All of us need to engage in building & creating. It is one of our most basic pursuits. Make some time for yourself and join us to build something of value.



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Featured Class: Make a Great Handsaw with Kevin Drake

posted by: theStudio

Kevin Drake Teaches Us How to Make A Great Handsaw

Kevin Drake Teaches Us How to Make A Great Handsaw

Kevin Drake on making your own handsaw:

1. The cost of making a saw is trivial.
2. Being able to maintain your saws is vital.
3. Tuning a saw for the species and dimensions you are working is crucial.
4. Reconditioning old saws is awesome.
5. Kevin’s sparkling personality is captivating.

Learn to make your own great Western style hand saws using techniques and designs developed by Kevin Drake of Glen-Drake Tools. In this class Kevin will guide you through the saw-making process for Western style hand saws. Using the materials provided, first make a saw-vise to hold your blade for sharpening. This simple holding device can be used to sharpen all your saw blades. Learn More

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The Hand Tool Shop

Posted By: Gary Rogowski


What if your hand skills at the bench rivaled what you could do with a machine? What if your degree of accuracy with a hand plane matched what you could cut off with a router? What if your chisel work was precise? You would feel a sense of greater control at the bench that’s one thing. But another is that you would have greater confidence for a variety of jobs.

I used to fuss for hours on setting up my jointer table for instance. Now when edge jointing for a tabletop, I make sure it’s relatively square and then carefully run opposite faces to the fence ensuring a flat surface. And what I miss on the jointer, I can fix now with a tuned jack plane in a moment’s time. That ability opens things up for me. It frees me to concentrate on doing the work I enjoy instead of tuning my machines. Yes I have to tune my hand tools. Yes I have to sharpen well.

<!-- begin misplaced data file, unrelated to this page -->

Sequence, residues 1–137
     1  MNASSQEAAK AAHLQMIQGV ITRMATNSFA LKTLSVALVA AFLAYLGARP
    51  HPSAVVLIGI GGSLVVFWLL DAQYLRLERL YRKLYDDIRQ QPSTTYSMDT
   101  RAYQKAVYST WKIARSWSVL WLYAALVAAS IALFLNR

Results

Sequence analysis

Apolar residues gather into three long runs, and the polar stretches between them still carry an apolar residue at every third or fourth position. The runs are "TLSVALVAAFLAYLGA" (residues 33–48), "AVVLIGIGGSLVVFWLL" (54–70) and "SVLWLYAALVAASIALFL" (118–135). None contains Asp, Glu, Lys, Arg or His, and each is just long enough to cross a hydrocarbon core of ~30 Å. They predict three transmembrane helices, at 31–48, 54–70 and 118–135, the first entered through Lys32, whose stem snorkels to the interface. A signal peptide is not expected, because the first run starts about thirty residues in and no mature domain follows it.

But I can walk into any shop now and go to work with the hand tools that are there with comfort, with ease and with safety. Working with hand tools gives you a sense of mastery that few machine woodworkers feel. Give them a hand plane and watch. Now you, if you master using a saw and plane and chisel, can learn to cut on the table saw in far less time. Plus the feedback that hand tools give you is immense.

Join us starting April 28th for four weeks of The Hand Tool Shop. We’ll concentrate on different skills each week. Come and take one week or all four for a discounted rate. We will learn about hand tools and sharpening, plane work and Windsor stool construction, hand cutting dovetail joints and wedged mortise and tenons. There will also be time spent steam bending, carving, and learning inlay techniques. It will be a great four weeks of hand tool work. Come join the fun and gain some great experience.

Stop by our Open House on Saturday April 12 from 9:00 AM – 4:00 PM. Studio Director Gary Rogowski will be demonstrating tool use and techniques as well as fielding questions on joinery, fine woodworking and the upcoming  Hand Tool Shop . Pastry and pizza will be served! Also, sign up for any portion of the Hand Tool Shop and  a 10% discount.


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Distance Mentoring Students Speak


Sushi Box by David Corey, Distance Mastery/Mentoring Graduate

“I have learned so much and grown quite a bit in my time in the Distance Mentoring Program. I have really enjoyed learning from you. I know I wouldn’t be anywhere close to my dream of becoming a competent furniture maker had I not become a student of yours. Thanks for sharing your knowledge. In addition, I feel that I’ve made a good friend, one who I admire and respect. This has meant a lot to me during the trials of this past year. Thanks for that as well.” 
– JH, Montana 

“Our visits to Portland and the Studio are about building confidence; that although my execution will always be improving, I feel with each session closer to becoming a craftsman and gain new perspective in understanding this craft. It’s about getting new ideas and finding my unique voice; it may be trivial but it was a boost when you pondered aloud what style my table was. When I replied that I hoped it was the beginning of what could be MY style, your reply was “Exactly”. 
– DH, Portland, OR